Millions of people have watched a Jan. 11 video by YouTube’s biggest star that included two men laughing as they held a banner that read, “Death to all Jews.”
The man behind the video is Felix Kjellberg, a 27-year-old Swede known as “PewDiePie,” who has amassed 53 million subscribers. His success has brought him multimillion-dollar deals from YouTube and Walt Disney Co., which owns a firm that runs Kjellberg’s business.
Since August, PewDiePie has posted nine videos that include anti-Semitic jokes or Nazi imagery, according to a review of his channel by The Wall Street Journal.
On Monday after the Journal contacted Disney about the videos, the entertainment giant said it was severing ties with Kjellberg, who as PewDiePie rose to prominence via clips of himself playing videogames or performing skits and making crude jokes. Under the terms of their arrangement, Kjellberg had editorial independence.
“Although Felix has created a following by being provocative and irreverent, he clearly went too far in this case and the resulting videos are inappropriate,” said a spokeswoman for Maker Studios, the Disney division that was business partners with PewDiePie.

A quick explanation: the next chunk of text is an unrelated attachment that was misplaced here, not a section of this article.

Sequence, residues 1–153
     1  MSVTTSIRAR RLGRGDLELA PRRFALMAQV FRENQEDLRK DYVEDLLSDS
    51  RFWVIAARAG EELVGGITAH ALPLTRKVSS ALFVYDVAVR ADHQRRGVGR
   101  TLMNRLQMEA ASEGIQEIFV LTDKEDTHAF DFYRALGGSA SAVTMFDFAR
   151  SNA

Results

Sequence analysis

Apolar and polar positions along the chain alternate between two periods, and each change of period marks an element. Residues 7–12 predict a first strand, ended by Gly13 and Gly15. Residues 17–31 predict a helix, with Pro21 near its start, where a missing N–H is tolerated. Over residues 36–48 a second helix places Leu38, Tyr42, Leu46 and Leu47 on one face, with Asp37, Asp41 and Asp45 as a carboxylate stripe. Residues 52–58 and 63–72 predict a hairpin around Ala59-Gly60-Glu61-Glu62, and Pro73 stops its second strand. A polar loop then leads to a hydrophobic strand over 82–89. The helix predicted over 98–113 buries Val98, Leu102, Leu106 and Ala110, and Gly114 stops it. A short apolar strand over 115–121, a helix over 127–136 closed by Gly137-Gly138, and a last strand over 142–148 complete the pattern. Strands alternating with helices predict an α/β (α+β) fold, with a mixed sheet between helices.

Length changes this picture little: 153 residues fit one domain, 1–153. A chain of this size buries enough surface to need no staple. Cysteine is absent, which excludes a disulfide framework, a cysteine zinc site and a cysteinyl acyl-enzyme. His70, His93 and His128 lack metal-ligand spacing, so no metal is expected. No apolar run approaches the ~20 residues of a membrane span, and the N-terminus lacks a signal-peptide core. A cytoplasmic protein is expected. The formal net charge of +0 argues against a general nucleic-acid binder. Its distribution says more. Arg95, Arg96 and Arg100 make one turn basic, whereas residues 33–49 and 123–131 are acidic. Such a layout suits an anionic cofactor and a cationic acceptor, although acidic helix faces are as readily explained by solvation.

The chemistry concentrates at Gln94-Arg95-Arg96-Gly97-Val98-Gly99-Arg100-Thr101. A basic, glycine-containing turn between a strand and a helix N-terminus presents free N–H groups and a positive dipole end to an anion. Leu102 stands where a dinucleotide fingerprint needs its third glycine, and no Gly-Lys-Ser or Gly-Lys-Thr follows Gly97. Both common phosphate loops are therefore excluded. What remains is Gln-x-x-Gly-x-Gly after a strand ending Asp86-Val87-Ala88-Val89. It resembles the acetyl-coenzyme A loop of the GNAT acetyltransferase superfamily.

PewDiePie’s account also took down three videos with a total of about 23 million views—the Jan. 11 video, and ones from Jan. 17 and Jan. 22—after the Journal’s inquiries. In the Jan. 22 video, Kjellberg showed a man dressed as Jesus Christ saying, “Hitler did absolutely nothing wrong.”
Kjellberg said in a video a few days later that the Jan. 11 clip was a joke that went too far. Alphabet Inc.’s Google, which owns YouTube, pulled ads that run on its videos from the Jan. 11 video within days of its posting, before it was taken down this past weekend. YouTube hasn’t pulled any of the nine videos in question, though PewDiePie’s account took down three of them. Google hasn’t removed ads from any of Kjellberg’s other videos.
Kjellberg didn’t respond to requests for comment for this article. On Sunday, he wrote on Tumblr that he wanted to “clear some things up,” specifically that he doesn’t support “any kind of hateful attitudes."